The American Dilemma and How We Can Fix It

Posts tagged ‘Joe Kernen’


Tuesday Morning

Probably as a result of playing tympani with my grammar school orchestra, I have developed a sort of “internal clock.”  You do a lot of counting when you play most percussion instruments.  So normally, without needing to resort to a watch or other timepiece I can generally tell what time it is within a few minutes.

I normally set the television in my bedroom to turn on at 4:30 a.m.  It’s one of the few advanced features on this eight year old set that I know how to use.  Well, that and the remote (at least some of its features).  But when I was awakened, it wasn’t because of the television.  That was still dark.  It was because I had three hundred pounds of dogs in bed with me, all jostling to find a comfortable position somewhat oblivious to the fact that I needed to take up some space as well.

If you have an oversized spouse with whom you share a bed, let me assure you that four dogs of the same total weight as him or her require a lot more room than one human.  So as I arranged them on the bed so that all five of us had room I looked forward to catching a little more rest.  My internal clock told me it was only a little past three.

At 4:30 the television sprang into action.  Typically, that wakes me to the point where I will prop up my pillows and see what CNBC has to say is going on in the world.  But I think because the dogs awakened me early I was reluctant to let the Sandman go that morning.  I lay back down and vaguely remember listening to the conversation between the three anchors.  This went on for some time and as two of my canine companions had made for the cooler bathroom floor, I luxuriated in my new found room.  I dozed back off.

As I was lying there in that twilight between wakefulness and sleep, a new person had apparently been introduced to the television set.  I didn’t know who he was – and I didn’t recognize his voice.  (That’s another benefit of musical training.  If I hear a person speak once I know who he is.  I may not always remember his name – but that’s another story).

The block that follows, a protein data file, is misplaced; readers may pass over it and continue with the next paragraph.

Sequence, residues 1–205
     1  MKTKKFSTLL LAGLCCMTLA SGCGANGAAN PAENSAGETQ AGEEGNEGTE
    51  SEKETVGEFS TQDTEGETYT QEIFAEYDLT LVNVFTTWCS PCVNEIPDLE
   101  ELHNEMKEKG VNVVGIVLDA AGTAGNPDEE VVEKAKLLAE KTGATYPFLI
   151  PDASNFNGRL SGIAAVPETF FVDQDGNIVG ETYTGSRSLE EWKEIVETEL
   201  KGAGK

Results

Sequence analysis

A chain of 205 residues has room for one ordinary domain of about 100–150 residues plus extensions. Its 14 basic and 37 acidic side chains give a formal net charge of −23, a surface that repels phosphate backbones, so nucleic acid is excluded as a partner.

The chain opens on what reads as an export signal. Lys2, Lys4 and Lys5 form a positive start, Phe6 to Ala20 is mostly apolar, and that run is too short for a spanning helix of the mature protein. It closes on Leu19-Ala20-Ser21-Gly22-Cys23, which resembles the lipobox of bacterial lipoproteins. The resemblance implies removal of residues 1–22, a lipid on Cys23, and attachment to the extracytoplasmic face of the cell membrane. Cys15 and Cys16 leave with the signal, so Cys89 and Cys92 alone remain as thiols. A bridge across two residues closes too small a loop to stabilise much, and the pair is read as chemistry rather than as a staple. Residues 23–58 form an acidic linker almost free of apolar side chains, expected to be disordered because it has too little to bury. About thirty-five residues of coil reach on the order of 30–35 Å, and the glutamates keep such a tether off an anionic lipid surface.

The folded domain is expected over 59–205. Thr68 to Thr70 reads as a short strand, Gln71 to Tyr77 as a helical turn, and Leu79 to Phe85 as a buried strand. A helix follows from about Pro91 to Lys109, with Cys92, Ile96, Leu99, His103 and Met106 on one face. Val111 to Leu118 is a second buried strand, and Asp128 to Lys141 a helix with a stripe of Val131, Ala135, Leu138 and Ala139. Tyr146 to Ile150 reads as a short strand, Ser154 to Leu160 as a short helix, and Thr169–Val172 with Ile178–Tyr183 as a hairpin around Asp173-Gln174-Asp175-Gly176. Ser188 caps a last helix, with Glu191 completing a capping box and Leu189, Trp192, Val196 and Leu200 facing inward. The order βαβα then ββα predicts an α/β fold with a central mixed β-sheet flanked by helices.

I started to come to, partly because Kali, the Golden Retriever daughter and youngest of the group, had decided that she wanted to awaken me with a kiss, or more correctly a lick, or in all honesty a shower-full of licks.  It’s hard to sleep when a wonderful companion animal is doing that.

So I propped myself up realizing that it was a little after 5 o’clock and I should be starting my day.  I try to get the puppies to the dog park just after six as it is still relatively cool.  But I was delayed by the guest who was on the show.  It was Senator Marco Rubio, the junior senator from Florida.  Of course I knew his name and some of his background, but I had never heard him speak.

Now if you’ve read any number of my posts, you know that I lay most of the problems in the United States squarely at the feet of those in Congress.  And the primary reason is that our politicians do not offer common sense solutions to the important issues facing us but are more concerned about their political futures than our future as a country and people.  At least, so I believe.

Of course, we voters also bear a share of the responsibility as we keep returning the same under-performers to office.

I cannot tell you how refreshing it was to hear Sen. Rubio.  The man spoke from his heart, elegantly and eloquently without the need for a teleprompter.   He spoke with humility, discussing his family’s poor financial background and of the hopes his Cuban parents had for him and his siblings when they came to America.

He spoke from a background of values – those same values which the Founding Fathers incorporated into our Constitution.  He spoke intelligently and he spoke honestly.  He made sense.  He is obviously one of the bright stars in government.